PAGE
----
Mexico midfielder Mier and U.S. forward Agudelo watch the ball during the first half of their U-23 international friendly soccer match in Frisco

Juan Agudelo’s role for U.S. this summer far from assured

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Juan Agudelo’s return to practice and potential ability to supply minutes to the ailing Red Bulls will be a weekend talker.

And with Jozy Altidore’s status in question (Wednesday’s injury doesn’t appear to be serious, but incidents involving the head certainly deserve added precaution), it’s easy to assume that Agudelo’s part in the coming U.S. national team camp is gaining importance.

But is it?

It’s fair to ask whether Agudelo, the young striker whose recent injury occurred while wearing the U.S. under-23 shirt, will even be among Klinsmann’s call-ups when the full national team gathers in Orlando in a couple of weeks.

Earlier this week we posted a revealing Klinsmann Q&A from U.S. Soccer. The piece was all about scouting and the growing, extensive U.S. network’s role in assessing individuals’ form and fitness in the most comprehensive way possible.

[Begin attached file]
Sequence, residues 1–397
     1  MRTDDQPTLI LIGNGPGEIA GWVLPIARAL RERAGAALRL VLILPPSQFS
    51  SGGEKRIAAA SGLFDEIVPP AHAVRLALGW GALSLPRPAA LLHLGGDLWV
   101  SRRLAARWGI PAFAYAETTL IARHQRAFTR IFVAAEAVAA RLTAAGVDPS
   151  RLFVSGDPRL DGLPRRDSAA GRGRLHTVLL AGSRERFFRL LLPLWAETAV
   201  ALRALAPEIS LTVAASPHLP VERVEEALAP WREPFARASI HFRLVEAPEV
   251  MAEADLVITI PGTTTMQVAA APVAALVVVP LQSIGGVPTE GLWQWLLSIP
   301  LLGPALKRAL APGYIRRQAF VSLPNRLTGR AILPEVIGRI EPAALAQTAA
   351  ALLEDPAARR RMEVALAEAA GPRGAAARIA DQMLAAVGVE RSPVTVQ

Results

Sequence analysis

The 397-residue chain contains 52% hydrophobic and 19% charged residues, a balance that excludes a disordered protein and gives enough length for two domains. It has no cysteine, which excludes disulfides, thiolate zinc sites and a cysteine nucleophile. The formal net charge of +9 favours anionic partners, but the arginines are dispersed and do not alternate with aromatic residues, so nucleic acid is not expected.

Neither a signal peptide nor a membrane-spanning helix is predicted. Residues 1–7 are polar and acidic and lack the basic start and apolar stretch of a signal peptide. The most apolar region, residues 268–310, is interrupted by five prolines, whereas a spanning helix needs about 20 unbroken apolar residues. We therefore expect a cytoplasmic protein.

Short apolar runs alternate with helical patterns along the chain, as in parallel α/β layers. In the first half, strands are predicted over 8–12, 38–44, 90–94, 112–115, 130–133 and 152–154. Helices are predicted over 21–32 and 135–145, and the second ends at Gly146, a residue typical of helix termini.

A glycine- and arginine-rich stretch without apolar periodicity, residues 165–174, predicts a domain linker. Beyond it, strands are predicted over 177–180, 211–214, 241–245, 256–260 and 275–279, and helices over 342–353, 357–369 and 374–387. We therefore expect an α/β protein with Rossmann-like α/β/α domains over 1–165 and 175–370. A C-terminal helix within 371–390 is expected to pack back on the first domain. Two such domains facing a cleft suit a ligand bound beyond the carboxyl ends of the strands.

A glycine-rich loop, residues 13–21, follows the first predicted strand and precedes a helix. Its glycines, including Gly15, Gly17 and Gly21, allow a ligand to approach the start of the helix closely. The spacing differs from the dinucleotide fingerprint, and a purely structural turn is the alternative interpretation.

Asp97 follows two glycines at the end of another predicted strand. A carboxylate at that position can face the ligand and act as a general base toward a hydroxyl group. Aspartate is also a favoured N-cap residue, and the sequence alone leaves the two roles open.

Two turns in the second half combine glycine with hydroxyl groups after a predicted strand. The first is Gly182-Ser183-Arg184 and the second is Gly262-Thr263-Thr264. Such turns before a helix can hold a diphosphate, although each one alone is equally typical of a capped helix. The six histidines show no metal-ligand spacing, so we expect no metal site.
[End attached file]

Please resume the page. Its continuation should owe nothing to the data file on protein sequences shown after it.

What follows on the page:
Part of that, of course, is determining how previously injured players are progressing in their recovery bids. As Klinsmann points out, there’s a difference between Player X being back on field and Player X regaining previous levels of potency – returning to levels that reaped national team attention in the first place.

Here’s what Klinsmann said, using U.S. center back Oguchi Onyewu, who recently returned from injury at Sporting in Portugal.

Gooch comes back now from injury and just played his first game last week. We need to know now where he’s at. Next week, Andy Herzog is planning to go down to Portugal to see him train, to see him in his normal environment. We need to know that he’s sharp and he’s fit and that he’s already in a rhythm.